Research Handbook on Trade in Services
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Research Handbook on Trade in Services

Edited by Pierre Sauvé and Martin Roy

This Research Handbook explores the latest frontiers in services trade by drawing on insights from empirical economics, law and global political economy. The world’s foremost experts take stock of the learning done to date in services trade, explore policy questions bedevilling analysts and direct attention to a host of issues, old and new, confronting those interested in the service economy and its rising salience in cross-border exchange. The Handbook’s 22 chapters shed informed analytical light on a subject matter whose substantive remit continues to be shaped by rapid evolutions in technology, data gathering, market structures, consumer preferences, approaches to regulation and by ongoing shifts in the frontier between the market and the state.
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Chapter 4: Ricardo does services: Service sector regulation and comparative advantage in goods

Erik van der Marel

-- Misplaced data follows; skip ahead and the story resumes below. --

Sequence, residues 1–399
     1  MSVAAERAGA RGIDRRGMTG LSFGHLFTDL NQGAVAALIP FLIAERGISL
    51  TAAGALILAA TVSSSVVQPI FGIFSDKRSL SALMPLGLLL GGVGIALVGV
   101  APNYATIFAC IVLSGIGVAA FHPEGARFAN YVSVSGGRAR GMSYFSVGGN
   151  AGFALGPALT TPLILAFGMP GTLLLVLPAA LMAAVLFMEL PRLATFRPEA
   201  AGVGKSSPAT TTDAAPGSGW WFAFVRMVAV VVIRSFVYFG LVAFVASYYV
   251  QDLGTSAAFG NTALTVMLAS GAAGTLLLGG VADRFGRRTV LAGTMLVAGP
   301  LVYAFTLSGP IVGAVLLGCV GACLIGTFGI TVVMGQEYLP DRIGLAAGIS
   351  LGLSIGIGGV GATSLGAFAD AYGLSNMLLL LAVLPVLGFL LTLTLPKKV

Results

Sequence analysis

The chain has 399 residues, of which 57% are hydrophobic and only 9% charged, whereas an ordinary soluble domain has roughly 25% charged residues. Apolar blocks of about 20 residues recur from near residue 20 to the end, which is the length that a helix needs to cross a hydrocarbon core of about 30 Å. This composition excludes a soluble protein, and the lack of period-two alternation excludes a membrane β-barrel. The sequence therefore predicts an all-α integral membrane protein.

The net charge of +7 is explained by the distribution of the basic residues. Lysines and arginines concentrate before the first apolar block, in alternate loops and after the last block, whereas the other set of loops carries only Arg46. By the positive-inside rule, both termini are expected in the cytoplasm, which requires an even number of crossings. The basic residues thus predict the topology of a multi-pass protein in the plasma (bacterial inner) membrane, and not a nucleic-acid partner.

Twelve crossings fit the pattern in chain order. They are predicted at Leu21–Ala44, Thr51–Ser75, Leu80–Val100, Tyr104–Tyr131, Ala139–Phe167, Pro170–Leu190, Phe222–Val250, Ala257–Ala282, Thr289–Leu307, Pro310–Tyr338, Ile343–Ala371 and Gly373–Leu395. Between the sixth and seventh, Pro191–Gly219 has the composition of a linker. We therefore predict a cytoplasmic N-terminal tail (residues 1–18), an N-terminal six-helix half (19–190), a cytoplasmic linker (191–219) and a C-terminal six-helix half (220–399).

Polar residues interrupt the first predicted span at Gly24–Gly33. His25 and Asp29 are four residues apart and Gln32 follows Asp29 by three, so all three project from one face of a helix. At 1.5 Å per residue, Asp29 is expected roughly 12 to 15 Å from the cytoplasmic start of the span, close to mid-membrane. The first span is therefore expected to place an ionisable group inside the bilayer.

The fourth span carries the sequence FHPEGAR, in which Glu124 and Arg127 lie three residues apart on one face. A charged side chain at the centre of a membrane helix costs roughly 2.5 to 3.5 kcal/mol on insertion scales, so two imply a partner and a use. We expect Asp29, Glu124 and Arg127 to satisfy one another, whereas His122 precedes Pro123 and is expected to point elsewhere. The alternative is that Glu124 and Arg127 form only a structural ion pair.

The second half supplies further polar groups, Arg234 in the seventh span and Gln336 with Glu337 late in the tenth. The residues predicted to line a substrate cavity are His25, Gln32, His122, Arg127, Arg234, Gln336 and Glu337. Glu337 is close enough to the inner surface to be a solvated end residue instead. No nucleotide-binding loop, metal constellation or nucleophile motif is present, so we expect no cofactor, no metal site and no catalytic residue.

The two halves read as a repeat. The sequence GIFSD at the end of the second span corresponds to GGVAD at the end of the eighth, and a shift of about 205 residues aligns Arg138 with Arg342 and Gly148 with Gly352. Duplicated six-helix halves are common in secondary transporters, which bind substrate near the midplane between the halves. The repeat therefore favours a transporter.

Some countries export services more successfully than others. One important reason for this outcome is that certain countries have developed various underlying economic factors that enable them to become more productive in exporting certain goods (or services) more than others. Over the years, the empirical trade literature has uncovered several of these country-wide economic factors that explain why countries specialize, for example relatively good human capital, a larger pool of ICT capital or strong domestic institutions. This chapter assesses whether factors related to services have any bearing on specialization patterns of countries with respect to trade in goods. In particular, it investigates the relationship between the quality of the regulatory institutions in an economy and liberalization of services markets, which in turn should have an effect on the export of goods that use services as inputs. Indeed, this chapter shows that if the liberalization of services takes place under qualitatively good regulatory institutions, countries in which goods industries source relatively more services from these sectors will see a specialization in these services-dependent goods industries. This amounts to a regulatory comparative advantage.

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